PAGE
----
Defenders of academia claim that while professors are liberal, few of them bring their politics into the classroom in a heavy-handed way. Gross challenges that assertion by examining courses offered during the fall 2011 semester at his alma mater, the University of Wisconsin department of sociology. While some appeared neutral—“Marriage and the Family,” “Criminology”—-others had an obviously leftist perspective: “Feminism and Sociological Theory,” “Intercultural Dialogues,” “Environmental Stewardship and Social Justice,” “Class, State, and Ideology: An Introduction to Marxist Sociology.” The same themes and angles prevail in anthropology, history, literature, communications, education, geography, and “in nearly all programs in ethnic studies, women’s and gender studies, cultural studies, and social work.”
Another liberal theory holds that conservatives attack academia out of “status anxiety,” that is, the feeling on the part of a heretofore-dominant group that its power is fading. Here, we have white male Protestants upset that women and minorities and secular visions have taken over. But in his work, Gross found that, for example, “more than two-thirds of evangelicals think that colleges do welcome the faithful,” and so “there would appear to be no widespread perception among them that higher education per se represents a threat to Christian values or their way of life.” Gross also had an assistant comb through the interviews to check whether “any interviewees expressed—even in a veiled fashion—frustration with their life situation or a sense that contemporary society was leaving them in the dust. None did.”
Yet another account of the campaign against academia asserts that its spokesmen serve as tools for the power elite, getting paid to issue broadsides against professors who expose the underhanded dealings of capitalists and corporations. But when Gross investigates those leading figures, he uncovers a different account. Buckley didn’t begin his academic critique as a mouthpiece hired by wealthy conservatives, but as an undergraduate at Yale appalled at the stigmatization taking place in his courses. Stephen Balch started the NAS not at the behest of a benefactor, but because he realized that his colleagues at John Jay College were fostering radical proletarianism in students. These tales, Gross says, gainsay the idea that conservative critics are “ideological mercenaries in the employ of the power elite.”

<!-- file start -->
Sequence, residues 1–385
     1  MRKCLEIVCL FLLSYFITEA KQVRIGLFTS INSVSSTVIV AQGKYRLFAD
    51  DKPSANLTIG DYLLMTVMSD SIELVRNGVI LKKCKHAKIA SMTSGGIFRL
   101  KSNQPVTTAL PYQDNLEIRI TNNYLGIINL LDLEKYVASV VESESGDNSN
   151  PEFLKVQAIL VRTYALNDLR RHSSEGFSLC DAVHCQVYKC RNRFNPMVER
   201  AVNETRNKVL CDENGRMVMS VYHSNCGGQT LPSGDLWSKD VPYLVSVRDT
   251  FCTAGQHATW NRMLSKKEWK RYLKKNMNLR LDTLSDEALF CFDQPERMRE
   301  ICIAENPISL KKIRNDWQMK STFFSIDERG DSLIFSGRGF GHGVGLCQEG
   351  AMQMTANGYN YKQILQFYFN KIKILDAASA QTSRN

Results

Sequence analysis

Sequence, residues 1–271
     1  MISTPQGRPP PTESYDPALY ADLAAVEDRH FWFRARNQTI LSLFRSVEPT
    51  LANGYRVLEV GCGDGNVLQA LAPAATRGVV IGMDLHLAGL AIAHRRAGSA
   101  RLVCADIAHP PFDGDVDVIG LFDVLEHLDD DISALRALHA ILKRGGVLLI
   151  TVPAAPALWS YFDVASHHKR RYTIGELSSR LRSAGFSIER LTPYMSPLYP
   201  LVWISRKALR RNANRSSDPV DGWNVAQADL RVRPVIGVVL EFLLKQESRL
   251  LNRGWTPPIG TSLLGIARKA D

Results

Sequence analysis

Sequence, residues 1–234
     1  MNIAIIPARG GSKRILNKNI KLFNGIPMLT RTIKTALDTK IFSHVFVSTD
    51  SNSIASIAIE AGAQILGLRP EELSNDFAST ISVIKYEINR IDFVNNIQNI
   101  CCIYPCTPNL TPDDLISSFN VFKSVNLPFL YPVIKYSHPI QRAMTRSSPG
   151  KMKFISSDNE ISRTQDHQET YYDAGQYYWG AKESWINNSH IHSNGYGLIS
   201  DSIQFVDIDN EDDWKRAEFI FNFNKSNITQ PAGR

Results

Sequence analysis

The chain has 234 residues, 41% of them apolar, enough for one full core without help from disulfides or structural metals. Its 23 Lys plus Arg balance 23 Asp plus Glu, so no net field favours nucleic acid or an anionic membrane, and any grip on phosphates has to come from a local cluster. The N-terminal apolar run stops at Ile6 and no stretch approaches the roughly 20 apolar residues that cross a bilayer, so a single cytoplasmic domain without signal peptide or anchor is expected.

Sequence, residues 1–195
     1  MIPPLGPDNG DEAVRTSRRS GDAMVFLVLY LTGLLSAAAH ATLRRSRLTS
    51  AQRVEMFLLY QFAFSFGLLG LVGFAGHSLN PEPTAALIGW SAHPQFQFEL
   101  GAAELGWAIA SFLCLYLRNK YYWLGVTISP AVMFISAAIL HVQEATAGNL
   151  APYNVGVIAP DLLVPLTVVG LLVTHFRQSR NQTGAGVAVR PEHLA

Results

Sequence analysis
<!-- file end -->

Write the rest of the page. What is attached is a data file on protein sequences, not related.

Why is academia liberal, then? Gross’s data indicate that it isn’t because liberals and conservatives have different values or mental habits, or that liberals discriminate against right-leaning graduate students and job candidates. Rather, it is because academia has a reputation for liberalism, and conservative undergraduates decide on their own not to continue in the field.
The key moment, Gross maintains, is the decision whether or not to go to graduate school. Young conservatives may not know all that much about academia at the faculty level, but popular stereotypes and a few off-putting experiences in class can sufficiently discourage them from pursuing academia as a site for success. A freshman orientation session that divides white males from everyone else, incessant talk about diversity, multiculturalist reading assignments, and so on may not bother them that much (and they can always find safe spaces such as College Republicans), but such things do convince young conservatives that staying on campus as a career move is foolish. An English major who reveres Great Books needs only one occasion of a teaching assistant ridiculing him for a dead-white-male fixation to decide, “I don’t need this.”
Gross’s thesis sounds plausible, and the data support it. It leaves conservative critics with a disarming irony, though: The more critics expose liberal indoctrination and intolerance, the more they reinforce the image of academia that makes young conservatives shun it. As Gross puts it, “Decades of antiprofessorial rhetoric have made academia seem an even less desirable home for young conservatives than it would otherwise be.” When Bill O’Reilly and John Stossel discussed affirmative action for conservative professors, as they did this past December, did they believe that it would inspire more 22-year-olds on the right to apply for graduate study in Princeton’s English department, which tells prospective students that “we offer a wide range of theoretical specializations in fields such as feminist theory, gender studies, psychoanalysis, Marxism, New Historicism, environmental studies, political and social theory, and cultural studies”?
Mark Bauerlein, professor of English at Emory University, is the author, most recently, of The Dumbest Generation: How the Digital Age Stupefies Young Americans and Jeopardizes Our Future.